Hong Kong’s Kitty Chan has taken to eating out to help her restaurant survive the pandemic, but has since opened a second store as demand for cheap meal boxes mounts in an economically troubled city.
Convenience stores selling cheap two-course meal boxes have proliferated in one of the world’s least affordable cities, popping up in working-class and white-collar areas alike where people tighten their belts.
“Covid restrictions were a helping factor,” she told AFP at her restaurant in Kowloon, one of the world’s most densely populated city districts, as a queue of hungry customers crept up the street.
“There are multiple factors in this city that make us a lot of people in the kitchen.”
Hong Kong took an economic hit in 2019 when months of democratic protests kept visitors away and helped push the city into a prolonged recession.
More than 2.5 years of strict Covid controls once again pushed the Asian finance hub into negative growth.
Hong Kong’s chief financial officer, Paul Chan, warned Thursday that there was a “very high probability” that the city would end the year in a full-blown recession while the fiscal deficit was expected to balloon to HK$100 billion ($12.7 billion), double the initial estimate.
Andy Cowan, director of the ACE Center for Business and Economics think-tank, said the mealtime boom “is like the rise of dollar stores during the (2008) financial crisis.”
“People tend to spend less when the economy is in bad shape and confidence is low,” he told AFP.
Chan’s sells 2,000 to 3,000 packs of meals per day at HKD48 ($6).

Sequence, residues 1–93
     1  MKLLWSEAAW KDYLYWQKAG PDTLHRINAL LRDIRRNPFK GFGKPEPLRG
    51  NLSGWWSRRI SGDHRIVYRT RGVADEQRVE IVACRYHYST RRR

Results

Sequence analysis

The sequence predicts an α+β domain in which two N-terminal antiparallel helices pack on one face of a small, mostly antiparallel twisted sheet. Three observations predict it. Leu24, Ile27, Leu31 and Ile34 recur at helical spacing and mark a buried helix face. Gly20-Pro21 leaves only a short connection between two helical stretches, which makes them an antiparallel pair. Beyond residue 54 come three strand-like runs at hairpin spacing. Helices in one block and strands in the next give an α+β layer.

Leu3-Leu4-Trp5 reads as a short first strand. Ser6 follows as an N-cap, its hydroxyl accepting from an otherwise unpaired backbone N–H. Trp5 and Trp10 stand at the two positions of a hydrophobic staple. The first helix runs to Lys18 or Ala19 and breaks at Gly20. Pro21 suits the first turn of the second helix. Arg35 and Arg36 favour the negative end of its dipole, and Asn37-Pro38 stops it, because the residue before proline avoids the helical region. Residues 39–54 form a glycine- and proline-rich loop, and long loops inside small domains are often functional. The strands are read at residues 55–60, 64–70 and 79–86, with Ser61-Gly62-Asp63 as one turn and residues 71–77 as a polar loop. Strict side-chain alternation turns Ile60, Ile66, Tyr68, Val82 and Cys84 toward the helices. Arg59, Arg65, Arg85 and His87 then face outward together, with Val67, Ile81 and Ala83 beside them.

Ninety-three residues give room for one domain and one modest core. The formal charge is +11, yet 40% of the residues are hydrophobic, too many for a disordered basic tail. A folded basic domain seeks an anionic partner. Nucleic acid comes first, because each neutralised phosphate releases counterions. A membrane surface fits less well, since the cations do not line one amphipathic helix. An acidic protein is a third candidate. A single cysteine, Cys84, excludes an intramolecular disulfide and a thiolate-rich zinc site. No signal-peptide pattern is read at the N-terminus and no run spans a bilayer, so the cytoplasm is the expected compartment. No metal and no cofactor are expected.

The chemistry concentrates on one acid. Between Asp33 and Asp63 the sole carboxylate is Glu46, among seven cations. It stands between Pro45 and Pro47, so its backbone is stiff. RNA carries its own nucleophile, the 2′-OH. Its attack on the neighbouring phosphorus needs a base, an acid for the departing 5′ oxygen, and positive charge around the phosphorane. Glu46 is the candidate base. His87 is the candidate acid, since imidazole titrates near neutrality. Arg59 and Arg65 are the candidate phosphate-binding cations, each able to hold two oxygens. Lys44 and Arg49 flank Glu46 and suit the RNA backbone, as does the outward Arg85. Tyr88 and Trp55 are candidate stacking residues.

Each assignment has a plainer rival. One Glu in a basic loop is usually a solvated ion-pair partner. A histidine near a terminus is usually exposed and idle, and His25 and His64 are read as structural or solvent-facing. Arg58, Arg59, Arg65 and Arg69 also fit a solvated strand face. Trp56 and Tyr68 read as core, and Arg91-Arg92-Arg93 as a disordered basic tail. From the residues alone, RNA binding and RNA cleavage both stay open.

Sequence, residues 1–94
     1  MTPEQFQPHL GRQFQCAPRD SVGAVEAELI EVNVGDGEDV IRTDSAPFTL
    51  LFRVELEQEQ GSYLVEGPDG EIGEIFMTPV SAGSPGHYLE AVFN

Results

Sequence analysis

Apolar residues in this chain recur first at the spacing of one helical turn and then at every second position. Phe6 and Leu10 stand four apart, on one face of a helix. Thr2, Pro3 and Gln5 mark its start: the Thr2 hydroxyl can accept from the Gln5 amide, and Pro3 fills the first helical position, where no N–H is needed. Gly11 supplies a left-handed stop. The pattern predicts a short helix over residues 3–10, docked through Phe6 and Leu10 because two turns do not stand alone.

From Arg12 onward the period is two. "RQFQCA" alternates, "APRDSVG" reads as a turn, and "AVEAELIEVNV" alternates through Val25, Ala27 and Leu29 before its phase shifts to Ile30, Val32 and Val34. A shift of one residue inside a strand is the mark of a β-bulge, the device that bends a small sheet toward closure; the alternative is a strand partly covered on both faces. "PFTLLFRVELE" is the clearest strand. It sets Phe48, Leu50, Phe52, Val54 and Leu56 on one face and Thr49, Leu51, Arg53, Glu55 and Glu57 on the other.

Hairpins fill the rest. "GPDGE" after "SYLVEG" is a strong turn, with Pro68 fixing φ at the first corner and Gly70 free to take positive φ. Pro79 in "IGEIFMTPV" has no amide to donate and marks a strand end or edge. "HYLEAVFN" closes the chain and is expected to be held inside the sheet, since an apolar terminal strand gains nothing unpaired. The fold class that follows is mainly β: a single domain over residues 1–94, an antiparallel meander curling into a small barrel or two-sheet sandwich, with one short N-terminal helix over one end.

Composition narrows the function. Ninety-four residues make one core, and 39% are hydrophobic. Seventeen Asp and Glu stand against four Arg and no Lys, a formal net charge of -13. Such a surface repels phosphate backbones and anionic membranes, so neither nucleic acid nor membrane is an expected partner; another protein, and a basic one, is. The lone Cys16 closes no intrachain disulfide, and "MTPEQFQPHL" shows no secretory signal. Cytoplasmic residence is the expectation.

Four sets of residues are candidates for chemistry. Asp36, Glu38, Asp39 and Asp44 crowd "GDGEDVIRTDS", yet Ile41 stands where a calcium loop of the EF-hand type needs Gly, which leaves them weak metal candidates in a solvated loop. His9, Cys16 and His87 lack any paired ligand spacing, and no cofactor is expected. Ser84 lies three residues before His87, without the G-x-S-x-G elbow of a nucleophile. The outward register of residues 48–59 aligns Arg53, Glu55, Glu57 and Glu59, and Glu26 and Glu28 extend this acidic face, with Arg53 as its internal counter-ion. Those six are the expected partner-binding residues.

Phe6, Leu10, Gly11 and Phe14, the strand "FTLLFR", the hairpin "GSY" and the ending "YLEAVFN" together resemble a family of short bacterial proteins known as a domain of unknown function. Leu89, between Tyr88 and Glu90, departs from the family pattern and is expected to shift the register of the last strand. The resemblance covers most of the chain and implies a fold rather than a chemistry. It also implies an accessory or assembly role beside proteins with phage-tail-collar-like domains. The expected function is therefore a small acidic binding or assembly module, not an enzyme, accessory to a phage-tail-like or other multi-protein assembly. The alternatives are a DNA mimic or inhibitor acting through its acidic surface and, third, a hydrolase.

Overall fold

Meal boxes range in price from HK$25 to HK$80 depending on ingredients and store locations, and many include a drink or soup.
To compete in what is now a crowded market, Chan is trying to provide the kind of food you can get at a sit-down restaurant – mostly fried Cantonese dishes like black pepper beef ribs, steamed fish and oysters.
Its strategy has attracted a mostly white-collar clientele.
“The two-course meal box is an interesting entry point for monitoring our economy,” said Fred Koo, an economist at the Chinese University of Hong Kong.
Although the two-course restaurant has long been a feature of the city, “the perception of consumers has changed and these meal boxes are no longer a symbol of relatively low income,” Coe said.
China and Hong Kong have largely escaped the hyperinflation seen around the world.
But food in particular is getting more expensive — Chan estimates that her grocery purchases are up about 20 percent this year.
Mealbox restaurants are also popular among Hong Kong residents who have refused to vaccinate themselves against Covid.
The city uses a QR code system that prevents unvaccinated people from accessing most public places.
Retiree Grace, who only gave her first name, described herself as a “disadvantaged person” because she only received one vaccination.
“At first I thought why not try (meals) since I had to eat takeaway,” the 68-year-old told AFP. “But now I find it very attractive…I feel like I’m eating a buffet.”
The Facebook group for sharing tips about snack bars, started by social worker Andrew Wong, has grown to 87,000 members.
“When the group opened at the end of 2021, we found 110 to 120 such restaurants, and so far in 2022, we have found 150 new locations,” he told AFP.
Another collective-source map lists more than 440 two-course restaurants across Hong Kong, up from about 330 in May.
Wong said the boom was driven by COVID restrictions and declining tourist numbers over the past three years.
Before the protests and the epidemic, Hong Kong was receiving about 65 million tourists a year, 78 percent of whom came from the Chinese mainland.
That has slowed considerably, with Chinese borders virtually closed and international arrivals still facing mandatory hotel quarantine upon arrival.
City leader John Lee has vowed to reopen the city and hinted at more relaxation of the Covid virus in the coming weeks.
But Hong Kong’s international reach remains far from competitors such as Singapore, London and Tokyo.
“People are asking whether there is any policy to stabilize the economy and whether the government is bold enough to make changes,” said Kwan, director of the think tank.
“In the meantime, people are cutting back on daily expenses so they can spend more if the worst happens.”